Rhenium is the metal most exposed to the performance of the superalloy sector, with aeroengine production accounting for 70% of rhenium demand in 2019, and the market has already witnessed several challenging years. However, near-term market fortunes may not be entirely dictated by lower aerospace demand. Rhenium is a high-value and rare metal, with production volumes of under 100tpy, and produced as a by-product of copper and molybdenum. COVID-19 lockdown measures have affected mine production of rhenium-containing feedstocks from the major sources in Chile, Peru and the USA. Reduced supply of secondary rhenium is also lowering the amount of feedstock units available to the market.

While tantalum is also reliant on the superalloy sector for a large proportion of its demand, COVID-19 impacts on tantalum supply appear to be outweighing demand loss. Lockdowns in Africa and Brazil have interrupted supply of feedstocks; Africa accounted for an estimated 47% of global primary tantalum production in 2019, with the majority coming from the DRC and Rwanda. Prices have consequently found greater support in recent weeks.

Cobalt feedstock supply is centred on the DRC and production is typically exported to China for further refining via the port of Durban. Roskill understands that logistical challenges in Africa have slowed the number of cobalt units able to be shipped. However, cobalt metal prices drifted to an eight-month low in May, owing to weakening demand from both battery and traditional applications such as alloys and tool materials. 

While substantial volumes of nickel are used in superalloys, the sector itself is relatively minor in terms of overall nickel consumption, with the stainless steel sector being the primary demand driver. The various measures imposed by governments across the world to halt the spread of the COVID-19 pandemic are forecast to drag down stainless steel consumption in 2020. Roskill is of the opinion that total primary nickel supply will remain relatively unaffected by short-term closures related to COVID-19. Prices are expected to remain subdued in 2020 as a result of the pandemic, but are forecast to rise in 2021 as the market recovers.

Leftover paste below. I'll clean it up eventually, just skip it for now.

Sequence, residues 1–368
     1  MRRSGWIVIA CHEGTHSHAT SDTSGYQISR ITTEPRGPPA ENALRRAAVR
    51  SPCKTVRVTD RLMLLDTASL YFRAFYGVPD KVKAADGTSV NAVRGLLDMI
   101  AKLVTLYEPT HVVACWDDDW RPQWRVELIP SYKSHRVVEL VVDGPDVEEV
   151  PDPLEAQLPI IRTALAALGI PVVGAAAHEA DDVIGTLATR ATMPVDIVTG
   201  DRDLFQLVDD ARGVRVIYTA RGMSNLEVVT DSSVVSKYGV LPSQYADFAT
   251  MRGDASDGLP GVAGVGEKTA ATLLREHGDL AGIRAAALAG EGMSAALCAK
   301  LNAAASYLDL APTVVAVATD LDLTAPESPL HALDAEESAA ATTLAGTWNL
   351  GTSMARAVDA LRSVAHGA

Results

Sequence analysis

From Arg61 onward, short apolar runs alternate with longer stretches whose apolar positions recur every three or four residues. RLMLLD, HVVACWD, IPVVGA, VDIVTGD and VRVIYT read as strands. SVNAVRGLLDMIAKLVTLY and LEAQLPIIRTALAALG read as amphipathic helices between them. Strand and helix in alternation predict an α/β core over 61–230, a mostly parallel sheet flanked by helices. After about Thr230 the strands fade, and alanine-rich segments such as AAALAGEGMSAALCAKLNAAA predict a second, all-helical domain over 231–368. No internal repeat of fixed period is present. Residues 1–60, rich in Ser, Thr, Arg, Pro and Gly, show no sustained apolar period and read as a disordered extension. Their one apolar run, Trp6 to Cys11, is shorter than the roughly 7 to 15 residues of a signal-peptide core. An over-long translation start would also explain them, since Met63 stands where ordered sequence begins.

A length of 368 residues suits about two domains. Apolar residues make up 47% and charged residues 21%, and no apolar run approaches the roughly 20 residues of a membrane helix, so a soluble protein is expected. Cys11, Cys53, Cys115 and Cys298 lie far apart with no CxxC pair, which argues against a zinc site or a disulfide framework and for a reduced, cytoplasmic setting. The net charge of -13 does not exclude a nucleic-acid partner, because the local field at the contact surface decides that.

Tungsten is used in aerospace applications as a tool material, superalloy metal and in tungsten heavy alloys for aircraft counterweights. Around 80% of primary tungsten supply comes from China and so the initial COVID-19 outbreak in Wuhan led to concerns over supply security from the country. As Chinese businesses return to normal, the focus has instead turned to western refiners such as those in Europe and North America, which are still under varying degrees of lockdown as of mid-May. The COVID-19 pandemic has moved across the world at an unequal rate which has led to tungsten supply chain imbalance – consequently prices have started to weaken in recent weeks.


Roskill will be releasing its White Paper, “Impact of COVID-19 on the Aerospace Sector and Implications for Minor Metals”, to subscribers today. For more information contact: